After living in Germany for nine months, we visited the US in November for three weeks, passing through three cities. (Los Angeles, Walnut Creek, and Portland) Going to visit friends and family got me thinking about my life here 1. The vast majority of my time it’s just the four of us. Robie has four nights of martial arts split between two schools as well as her German integration class 2 each morning during the week. The kids go to kindergarten. Me,… I spend most of those times alone or with the kids.
Beyond our daily routine, our circle of friends and family is small. There’s my friend Mishi 3; we see her and her family about once or twice a month, my niece Janina, and my older sister Daniela. The latter two, we’ve only seen a handful of times, since they live in other cities.
It got me thinking, how much of a life is it to have so few people? Returning to the USA 4 prompted me to compare and contrast.
If you moved away from wherever you’ve been living and returned for a visit, how many non-family people would you make a point of visiting? 5 For me the numbers are as follows:
- Germany – 1 – Mishi, plus I really do enjoy visiting my sister and niece
- Los Angeles – 2.5 – Two friends from high school, Monique and Isabel. The .5 is a friend from MIT but I’m not as consistent about seeing him.
- Bay Area – .5 An old friend from Intel, but I’m not as consistent since it’s a bit of a drive between him and my brother’s house.
- Portland – 5.5. The .5 is due to a bit of a drive. 6
Before coming to Germany, I’d been in Portland about 15 years. 7 That translates into one new friend about two or three years. Since we intend on staying here 2-3 years, if I find one new person, we’ll be doing pretty good.
Over the last months, I’ve asked a bunch of people what there number is. I was a little surprised that it’s pretty close to my Portland number, perhaps one or two more. The biggest number I got at 15. The smallest I got was 1. 8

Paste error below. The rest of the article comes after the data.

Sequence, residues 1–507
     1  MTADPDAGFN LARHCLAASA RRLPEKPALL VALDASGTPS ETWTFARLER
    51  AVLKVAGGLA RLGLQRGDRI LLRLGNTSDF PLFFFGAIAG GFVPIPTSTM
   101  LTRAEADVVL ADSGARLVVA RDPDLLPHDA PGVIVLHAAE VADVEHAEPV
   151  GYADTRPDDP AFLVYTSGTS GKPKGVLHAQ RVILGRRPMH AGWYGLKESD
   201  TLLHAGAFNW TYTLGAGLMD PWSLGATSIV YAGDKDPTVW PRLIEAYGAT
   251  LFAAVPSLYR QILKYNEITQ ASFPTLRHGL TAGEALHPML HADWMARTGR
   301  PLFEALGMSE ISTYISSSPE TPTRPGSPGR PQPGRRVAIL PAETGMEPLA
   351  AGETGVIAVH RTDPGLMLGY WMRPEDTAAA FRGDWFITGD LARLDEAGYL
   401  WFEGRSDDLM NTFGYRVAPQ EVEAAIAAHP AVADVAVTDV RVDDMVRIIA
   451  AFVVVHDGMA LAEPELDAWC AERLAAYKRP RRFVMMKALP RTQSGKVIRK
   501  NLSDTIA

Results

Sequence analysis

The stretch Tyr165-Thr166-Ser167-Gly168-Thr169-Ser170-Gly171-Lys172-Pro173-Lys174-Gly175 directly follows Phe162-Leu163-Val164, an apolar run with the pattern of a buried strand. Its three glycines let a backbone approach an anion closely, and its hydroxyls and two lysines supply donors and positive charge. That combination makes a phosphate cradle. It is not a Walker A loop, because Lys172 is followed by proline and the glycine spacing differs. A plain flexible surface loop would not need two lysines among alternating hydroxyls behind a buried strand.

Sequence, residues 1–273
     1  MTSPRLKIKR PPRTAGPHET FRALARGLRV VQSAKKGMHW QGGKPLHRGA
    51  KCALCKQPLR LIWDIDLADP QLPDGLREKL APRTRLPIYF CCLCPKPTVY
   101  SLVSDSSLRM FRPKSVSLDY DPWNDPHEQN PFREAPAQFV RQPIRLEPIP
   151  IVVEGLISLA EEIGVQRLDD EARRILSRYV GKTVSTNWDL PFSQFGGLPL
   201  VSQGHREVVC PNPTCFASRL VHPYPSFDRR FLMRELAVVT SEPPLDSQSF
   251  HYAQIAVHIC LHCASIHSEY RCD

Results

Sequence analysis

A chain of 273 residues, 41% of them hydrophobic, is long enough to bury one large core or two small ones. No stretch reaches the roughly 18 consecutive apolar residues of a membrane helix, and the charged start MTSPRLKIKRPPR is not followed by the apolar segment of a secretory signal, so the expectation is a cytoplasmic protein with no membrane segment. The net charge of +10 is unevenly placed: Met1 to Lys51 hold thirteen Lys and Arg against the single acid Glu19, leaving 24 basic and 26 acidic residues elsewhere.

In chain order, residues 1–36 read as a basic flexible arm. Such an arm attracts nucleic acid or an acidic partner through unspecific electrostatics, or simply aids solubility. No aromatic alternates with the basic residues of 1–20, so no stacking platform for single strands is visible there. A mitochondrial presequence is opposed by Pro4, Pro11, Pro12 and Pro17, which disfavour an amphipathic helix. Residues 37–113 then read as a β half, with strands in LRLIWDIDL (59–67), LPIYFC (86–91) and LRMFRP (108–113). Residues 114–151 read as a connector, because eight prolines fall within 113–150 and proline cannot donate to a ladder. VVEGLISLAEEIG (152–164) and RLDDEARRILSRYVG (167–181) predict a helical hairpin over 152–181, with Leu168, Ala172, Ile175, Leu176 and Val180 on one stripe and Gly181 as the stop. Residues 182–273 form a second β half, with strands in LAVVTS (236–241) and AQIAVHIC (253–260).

What’s your number?
In a previous post, I mentioned that I’d been kidnapped as a kid by my dad. When visiting the US in November, I asked him about that. I wondered if he would agree with the description. He does agree but he also claimed that the way he did it was legal. He had consulted an attorney who advised him to register me with social services in the US, thereby establishing custody in the US. This sounded suspect to me but legal systems can be twisted. Still, legal or not, it was kidnapping; even he agrees with that. 9
I consciously think of Germany as “home”. Portland is just another city I’ve lived in and will likely live again. ↩
focused mostly on learning German ↩
it’s actually spelled Michi (short for Michaela) but when writing her letters (no email!) after my first summer in Germany at age 13 (we’ve actually known each other since I was 5) my German wasn’t that good yet and Mishi is what I heard and so it’s what I wrote. It was only several summers later that I learned I’d been spelling it wrong. ↩
again, I don’t say returning home, because while we’re here, Germany is home ↩
I say non-family because family people are generally folks you’re stuck with. You’ll likely visit them either way ↩
Should probably make it 7.5. One guy is not on the list because he hasn’t shown much interest in friendship though we’re an otherwise obvious fit. A second guy I should add, because he has shown interest and I had overlooked him ↩
April 2001-Feb 2016 ↩
The 1 answer came from someone with a very strong family circle. Brother, daughter, mother ↩
I still need to do a post on my broader thoughts on the topic↩